Thanks for bringing back memories of playing my NES with my parents. Good times...My dad helping me go through Dragon Warrior. Me and my Mom taking turns at Tetris...I look back fondly at those days.

That was a great story and much like mudbunny I am also allergic to dust. Your stories and the podcast are one of the main reasons I keep coming back to the GWJ site.

My memories of visits to the grandparents' (before they moved to Florida) inevitably involve one of three things: their above-ground pool, their huge bag of plastic medieval soldier miniatures, and the Atari 2600 on which countless games of Raiders of the Lost Ark were played. Truly a WTF game when examined too closely; nevertheless, there were so many hours spent running past thieves and parachuting by the stupid tree limb.

I hope you can scan and post some of those old notebook pages. Nothing better than childhood memories of the NES, and scribbling all sorts of things (and pictures) about it.

Great article. It made some great memories from my childhood, my grandparents and my Nintendo that I hadn't thought of in a while come to the surface. Thanks.

The memories of my brother and I staying up all night trying to master landings in Top Gun or learning those turn sequences in Zelda are some of my most cherished memories.

Thanks for sharing this!

Very sweet... A little different than my memory of smashing my Atari to bits after a marathon session of E.T.

My wife and I recently moved into her grandparents' old house. Growing up, she spent a lot of time over there playing Atari with her grandmother. When they moved out, they left a lot of their old things behind, including their Atari 2600. It's been really neat to hear her stories about playing with her grandma, and it's great to hear your story as well.

It makes me jealous, actually. My parents were never interested in playing video games with us kids, so unless I could sucker my older brother into playing Sonic the Hedgehog with me, gaming was always a very solitary activity.

Lovely story.

Now that is pretty awesome.

You're grandma sounds pretty amazing.

blah! I hate the back button on a mouse!

Great article - insert my comments here.

Wow. Great article.

As soon as I saw the Nintendo picture on the front page it brought up memories of playing Zelda, and Faxandu, and Dragon Warrior with my parents on the sofa behind me giving advice and cheering me on. Then you follow it up with such a great article relating the same experience.

...Excuse me a minute... I just need to get something out of my eye...I'm fine. Really.

Rob_Anybody wrote:


Best game nobody's ever heard of. Awesome little side-scroller.

That's so awesome


What a great article. I remember my grandpa had an Atari 2600, me and my Dad would play the tank game from Combat 2 on it when we went to their house.

My grandparents couldn't manage to jump over the first goomba. For whatever reason, they could work one hand on the controller at a time, and more than that was coordination they didn't need. They did have every Peanuts compilation ever put together, though, and I spent a lot of time reading through them, one after another, in that little room downstairs.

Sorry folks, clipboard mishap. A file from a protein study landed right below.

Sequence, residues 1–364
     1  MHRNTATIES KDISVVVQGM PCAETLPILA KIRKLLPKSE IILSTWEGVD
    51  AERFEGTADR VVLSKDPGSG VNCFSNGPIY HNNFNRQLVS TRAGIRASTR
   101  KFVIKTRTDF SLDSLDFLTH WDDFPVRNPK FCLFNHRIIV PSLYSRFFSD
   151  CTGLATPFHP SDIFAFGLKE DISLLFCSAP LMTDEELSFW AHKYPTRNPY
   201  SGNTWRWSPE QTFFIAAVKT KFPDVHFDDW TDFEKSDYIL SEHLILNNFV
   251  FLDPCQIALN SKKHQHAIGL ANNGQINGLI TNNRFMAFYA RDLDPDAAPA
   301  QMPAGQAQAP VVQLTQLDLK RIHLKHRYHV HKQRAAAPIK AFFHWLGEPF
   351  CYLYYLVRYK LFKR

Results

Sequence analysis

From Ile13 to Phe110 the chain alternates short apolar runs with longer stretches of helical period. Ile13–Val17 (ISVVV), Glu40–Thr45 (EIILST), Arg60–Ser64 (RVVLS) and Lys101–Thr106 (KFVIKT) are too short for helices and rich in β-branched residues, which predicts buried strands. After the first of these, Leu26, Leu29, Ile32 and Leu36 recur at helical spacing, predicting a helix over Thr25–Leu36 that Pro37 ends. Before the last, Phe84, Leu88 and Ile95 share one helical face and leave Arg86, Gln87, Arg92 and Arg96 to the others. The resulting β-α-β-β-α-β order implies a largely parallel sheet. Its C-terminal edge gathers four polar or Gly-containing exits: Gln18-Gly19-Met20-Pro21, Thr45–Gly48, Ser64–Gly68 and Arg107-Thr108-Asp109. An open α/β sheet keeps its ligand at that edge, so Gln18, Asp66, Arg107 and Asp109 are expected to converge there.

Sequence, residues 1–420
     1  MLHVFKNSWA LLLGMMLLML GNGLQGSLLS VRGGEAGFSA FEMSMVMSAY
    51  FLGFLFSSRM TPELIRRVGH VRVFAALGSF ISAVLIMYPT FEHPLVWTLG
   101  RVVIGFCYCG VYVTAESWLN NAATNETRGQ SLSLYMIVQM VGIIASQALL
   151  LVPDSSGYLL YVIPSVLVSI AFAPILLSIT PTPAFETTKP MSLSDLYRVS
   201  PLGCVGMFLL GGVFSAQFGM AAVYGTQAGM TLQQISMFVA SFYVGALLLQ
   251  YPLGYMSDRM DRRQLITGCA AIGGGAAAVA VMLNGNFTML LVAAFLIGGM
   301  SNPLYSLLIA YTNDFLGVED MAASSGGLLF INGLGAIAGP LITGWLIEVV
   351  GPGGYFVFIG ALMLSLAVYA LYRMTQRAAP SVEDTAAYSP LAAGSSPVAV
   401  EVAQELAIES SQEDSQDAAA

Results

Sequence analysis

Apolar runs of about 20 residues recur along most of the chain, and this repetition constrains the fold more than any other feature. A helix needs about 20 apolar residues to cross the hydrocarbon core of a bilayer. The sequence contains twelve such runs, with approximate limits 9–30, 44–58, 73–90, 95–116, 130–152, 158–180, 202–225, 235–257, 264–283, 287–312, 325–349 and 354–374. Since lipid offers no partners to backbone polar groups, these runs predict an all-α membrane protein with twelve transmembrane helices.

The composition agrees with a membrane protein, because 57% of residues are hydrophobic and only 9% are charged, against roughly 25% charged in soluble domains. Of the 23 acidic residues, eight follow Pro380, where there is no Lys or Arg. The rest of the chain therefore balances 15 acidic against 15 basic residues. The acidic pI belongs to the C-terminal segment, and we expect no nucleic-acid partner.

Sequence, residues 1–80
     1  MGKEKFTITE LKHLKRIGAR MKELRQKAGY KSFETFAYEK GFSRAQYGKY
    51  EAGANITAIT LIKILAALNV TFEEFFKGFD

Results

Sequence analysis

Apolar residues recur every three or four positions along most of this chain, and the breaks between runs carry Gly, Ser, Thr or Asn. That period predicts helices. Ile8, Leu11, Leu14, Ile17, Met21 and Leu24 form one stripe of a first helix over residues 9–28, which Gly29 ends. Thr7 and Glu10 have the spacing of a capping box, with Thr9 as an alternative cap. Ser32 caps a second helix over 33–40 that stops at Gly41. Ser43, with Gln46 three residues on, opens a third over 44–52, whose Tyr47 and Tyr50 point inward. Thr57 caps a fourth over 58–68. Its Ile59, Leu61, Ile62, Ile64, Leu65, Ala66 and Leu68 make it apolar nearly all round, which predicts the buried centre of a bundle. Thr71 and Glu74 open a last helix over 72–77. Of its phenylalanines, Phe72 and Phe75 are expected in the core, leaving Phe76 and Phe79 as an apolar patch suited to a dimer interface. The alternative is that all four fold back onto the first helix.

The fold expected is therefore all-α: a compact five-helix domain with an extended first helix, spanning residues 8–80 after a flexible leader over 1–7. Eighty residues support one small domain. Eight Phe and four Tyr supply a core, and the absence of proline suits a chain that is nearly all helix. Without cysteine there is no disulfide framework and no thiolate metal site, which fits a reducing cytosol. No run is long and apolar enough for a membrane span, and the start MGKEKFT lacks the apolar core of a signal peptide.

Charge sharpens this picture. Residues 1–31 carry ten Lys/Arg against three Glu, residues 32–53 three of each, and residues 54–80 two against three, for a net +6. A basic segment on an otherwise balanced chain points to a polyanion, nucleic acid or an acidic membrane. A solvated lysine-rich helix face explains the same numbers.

What I'm trying to say here is I hate you for using a Peanuts quote in your article about grandparents. Excuse me a moment.

KaterinLHC wrote:
Rob_Anybody wrote:


Best game nobody's ever heard of. Awesome little side-scroller.

Except I've heard of it, played it, and hated it. I think I was too young for the game or something. I just couldn't get into it, and neither could my friend. ...Isn't there a thread around here about games that were too much for our once young minds?

Great article Kat.

We recently cleaned out my grandparents house and sure enough I found a box of 'things I liked' waiting for me in the attic. it was great, but sadly I could not share it with my grandparents.

I have also lived the basement flood scenario you describe. The giant what if scenario... Keep or toss, can you get the mold out. I was lucky, no consoles were in the mire that my basement became.

My cousin always had better games than me, hence I loved visiting his house (approx 2 hour drive away). My clearest memory was him smashing a joystick to pieces against the floor after playing Aztec Challenge on the C64...

"Because you liked it."

That has just matched "As you wish" as one of the greatest ways to say "I love you" that I have ever heard.

KaterinLHC wrote:
Rob_Anybody wrote:


Best game nobody's ever heard of. Awesome little side-scroller.

I loved it!

mudbunny wrote:

Thank you for sharing this. It is really nice.

Now if you will excuse me, I have some dust in my eyes that I need to get out...

Yeah, this page IS erm... dusty...

Great writing, yet again!

Isn't it funny that it's so often the grandparents and not the parents? My grandparents bought an SNES for their retirement and that was my introduction to gaming. I'll never forget the way my grandmother would physically bob along with flying Mario in Super Mario World.

SuchStrings wrote:

Isn't it funny that it's so often the grandparents and not the parents?

I agree, my parents never were into gaming. But my grandfather asked me once what I would buy if I had a hundred dollars. I promptly replied "A Nintendo!" Then he walked out of the room and when he came back, I had a crisp $100 bill. The next night my parents and I were at Kay Bee toys looking for my NES (I ended up with a Sega Master System as every NES in America was sold out that winter) and had a blast with it!

Nice article. My grandma was a Bomberman addict and beat me 80% of the time; she believed in letting me learn the hard way.

Bonnonon wrote:

Nice article. My grandma was a Bomberman addict and beat me 80% of the time; she believed in letting me learn the hard way.

This is one of the most awesome things I've ever read.